G- And you were literally playing in those bands at that age. You were playing very young with some very noted bands!

S- The very early one is… I was in a punk/ska/reggae band called Noise Police with these two guys that went on to be in The Skadanks. So, Rocker T and Alex Valenti and stuff. So, and they went to Stuyvesant High School and they were older than me and stuff, so I was just kinda hanging on, trying to figure out how to play drums a little bit. We played shows around the city, and then a friend of me introduced me to Walter from Gorilla Biscuits, and introduced me to the hardcore scene. I played with them for a little bit in ’85, and that just sorta snowball with all these… we were all friends, and we just kept starting bands and everybody needed a drummer, and there were only 2 or 3 of us that…

G- Could play that style well.

S- Yeah. Well, Luke and myself and Drew, we were all friends and we were playing in a lot of these bands. And obviously, there was Mackie and Petey Hines, and those guys were monsters. You know, a lot of different players.

G- Now, when would you say that you started playing professionally because the NYHC scene, you know, is huge now, but back then you guys were probably returning bottles and cans and whatever you can to scrounge. When do you think it really clicked over and were able to generate some income from playing?

S- Umm, there was money trickling in those hardcore days, but it’s all relative. I was 12, 13, 14, so trickling in was cool! You know, you get $50 and you’re excited!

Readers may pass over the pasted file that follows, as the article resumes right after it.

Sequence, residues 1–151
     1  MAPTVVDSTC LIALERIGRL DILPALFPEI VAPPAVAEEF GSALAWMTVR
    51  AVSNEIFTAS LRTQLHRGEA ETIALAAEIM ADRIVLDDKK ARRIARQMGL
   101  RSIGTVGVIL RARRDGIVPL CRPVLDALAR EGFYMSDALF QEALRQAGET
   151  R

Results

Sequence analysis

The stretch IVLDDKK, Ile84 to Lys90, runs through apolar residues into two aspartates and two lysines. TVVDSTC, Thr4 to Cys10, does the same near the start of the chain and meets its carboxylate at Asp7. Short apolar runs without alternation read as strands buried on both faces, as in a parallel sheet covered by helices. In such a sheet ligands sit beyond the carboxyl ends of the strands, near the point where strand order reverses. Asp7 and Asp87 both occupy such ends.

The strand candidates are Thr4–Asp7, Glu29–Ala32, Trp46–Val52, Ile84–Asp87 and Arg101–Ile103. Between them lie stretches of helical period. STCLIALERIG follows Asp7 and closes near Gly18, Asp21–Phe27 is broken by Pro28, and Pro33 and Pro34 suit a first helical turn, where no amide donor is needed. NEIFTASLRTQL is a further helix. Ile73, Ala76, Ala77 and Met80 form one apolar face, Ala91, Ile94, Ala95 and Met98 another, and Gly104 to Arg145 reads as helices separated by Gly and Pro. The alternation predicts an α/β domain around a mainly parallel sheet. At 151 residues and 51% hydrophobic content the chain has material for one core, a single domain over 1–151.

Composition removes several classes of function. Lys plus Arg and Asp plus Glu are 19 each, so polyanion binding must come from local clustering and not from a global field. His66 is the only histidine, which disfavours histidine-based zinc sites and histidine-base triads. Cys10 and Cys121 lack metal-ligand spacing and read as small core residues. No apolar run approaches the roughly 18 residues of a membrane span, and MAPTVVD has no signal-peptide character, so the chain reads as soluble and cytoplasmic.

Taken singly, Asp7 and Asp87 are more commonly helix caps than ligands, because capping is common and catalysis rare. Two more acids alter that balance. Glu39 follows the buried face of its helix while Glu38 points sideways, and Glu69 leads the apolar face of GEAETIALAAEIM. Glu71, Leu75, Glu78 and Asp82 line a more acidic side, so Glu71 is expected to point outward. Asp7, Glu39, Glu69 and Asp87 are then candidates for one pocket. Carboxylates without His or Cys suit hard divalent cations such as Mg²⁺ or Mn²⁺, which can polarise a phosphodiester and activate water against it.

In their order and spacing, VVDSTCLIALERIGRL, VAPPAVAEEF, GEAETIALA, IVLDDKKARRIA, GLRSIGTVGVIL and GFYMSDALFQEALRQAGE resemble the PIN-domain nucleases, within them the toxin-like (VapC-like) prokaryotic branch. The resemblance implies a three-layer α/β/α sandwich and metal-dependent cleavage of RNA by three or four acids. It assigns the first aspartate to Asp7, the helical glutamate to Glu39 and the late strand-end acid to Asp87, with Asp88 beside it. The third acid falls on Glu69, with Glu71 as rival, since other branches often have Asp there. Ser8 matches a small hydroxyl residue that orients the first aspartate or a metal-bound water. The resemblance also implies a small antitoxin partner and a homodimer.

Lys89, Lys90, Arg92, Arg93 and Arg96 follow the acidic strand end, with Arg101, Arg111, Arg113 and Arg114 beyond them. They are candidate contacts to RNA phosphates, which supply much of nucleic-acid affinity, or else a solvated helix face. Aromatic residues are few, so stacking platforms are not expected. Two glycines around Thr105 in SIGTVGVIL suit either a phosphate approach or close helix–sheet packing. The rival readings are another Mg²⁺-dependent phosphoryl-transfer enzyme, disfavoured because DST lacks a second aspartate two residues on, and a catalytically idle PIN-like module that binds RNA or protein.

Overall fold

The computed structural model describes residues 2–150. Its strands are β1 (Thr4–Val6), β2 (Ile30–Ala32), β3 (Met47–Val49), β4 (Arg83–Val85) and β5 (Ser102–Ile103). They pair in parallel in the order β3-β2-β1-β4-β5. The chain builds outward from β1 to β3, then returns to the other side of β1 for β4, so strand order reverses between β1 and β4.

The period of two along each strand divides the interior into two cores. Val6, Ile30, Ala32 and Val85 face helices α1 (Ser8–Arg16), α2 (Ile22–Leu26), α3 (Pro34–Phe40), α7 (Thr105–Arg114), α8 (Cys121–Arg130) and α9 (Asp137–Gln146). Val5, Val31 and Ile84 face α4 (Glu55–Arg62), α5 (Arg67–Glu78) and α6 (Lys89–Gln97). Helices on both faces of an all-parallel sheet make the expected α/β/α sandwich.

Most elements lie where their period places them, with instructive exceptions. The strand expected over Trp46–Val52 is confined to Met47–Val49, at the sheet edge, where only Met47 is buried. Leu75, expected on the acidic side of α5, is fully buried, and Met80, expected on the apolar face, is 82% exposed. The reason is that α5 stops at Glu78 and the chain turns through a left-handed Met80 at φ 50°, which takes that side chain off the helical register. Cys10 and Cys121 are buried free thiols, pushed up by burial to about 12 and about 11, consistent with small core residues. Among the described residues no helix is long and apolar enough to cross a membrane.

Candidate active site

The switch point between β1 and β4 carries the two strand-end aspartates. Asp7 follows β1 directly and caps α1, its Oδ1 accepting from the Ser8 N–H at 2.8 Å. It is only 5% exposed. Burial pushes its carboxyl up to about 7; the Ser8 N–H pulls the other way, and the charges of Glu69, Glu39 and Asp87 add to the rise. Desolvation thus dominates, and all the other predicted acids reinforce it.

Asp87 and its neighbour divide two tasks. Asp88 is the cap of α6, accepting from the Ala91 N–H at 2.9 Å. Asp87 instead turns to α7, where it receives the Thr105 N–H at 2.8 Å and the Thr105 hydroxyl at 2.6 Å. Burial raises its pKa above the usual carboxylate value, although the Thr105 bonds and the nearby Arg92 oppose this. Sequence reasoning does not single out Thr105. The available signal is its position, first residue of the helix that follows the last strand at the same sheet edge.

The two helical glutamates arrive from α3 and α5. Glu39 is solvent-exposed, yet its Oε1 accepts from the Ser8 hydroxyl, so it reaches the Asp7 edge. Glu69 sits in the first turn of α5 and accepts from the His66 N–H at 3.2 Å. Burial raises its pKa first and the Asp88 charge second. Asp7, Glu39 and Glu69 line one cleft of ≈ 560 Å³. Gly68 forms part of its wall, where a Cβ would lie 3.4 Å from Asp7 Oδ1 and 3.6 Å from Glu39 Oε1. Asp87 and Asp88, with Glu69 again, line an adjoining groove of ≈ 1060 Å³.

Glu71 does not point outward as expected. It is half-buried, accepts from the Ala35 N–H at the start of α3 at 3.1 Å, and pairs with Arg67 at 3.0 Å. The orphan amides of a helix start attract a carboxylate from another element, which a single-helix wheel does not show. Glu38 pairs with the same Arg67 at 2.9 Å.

But later, I think right around when Green Day and The Offsprings went big, every major label wanted to sign a band, a hardcore punk band. So, that’s when you saw Sick Of It All getting a record deal with a major, and Into Another, and Seaweed, and Rocket From The Crypt, and then CIV. Civ was signed to a label through Atlantic Records, and we hit a semi-hit with “Can’t Wait One Minute More,” and it was like ‘Wow… I can make a living out of this for a little bit!’

G- By the way, that was the best record that Lava ever put out! That was THE BEST record in Lava’s catalogue!

S- Thank you!

G- We’ve gotta go ahead a talk gear for a second… We’re drummers.

S- Yeah.

G- We’re all gear heads, so what is your current rig looking like, what kind of drums and cymbals are you using primarily, what are the configurations and compositions, and what companies are you currently backing up at this time, man?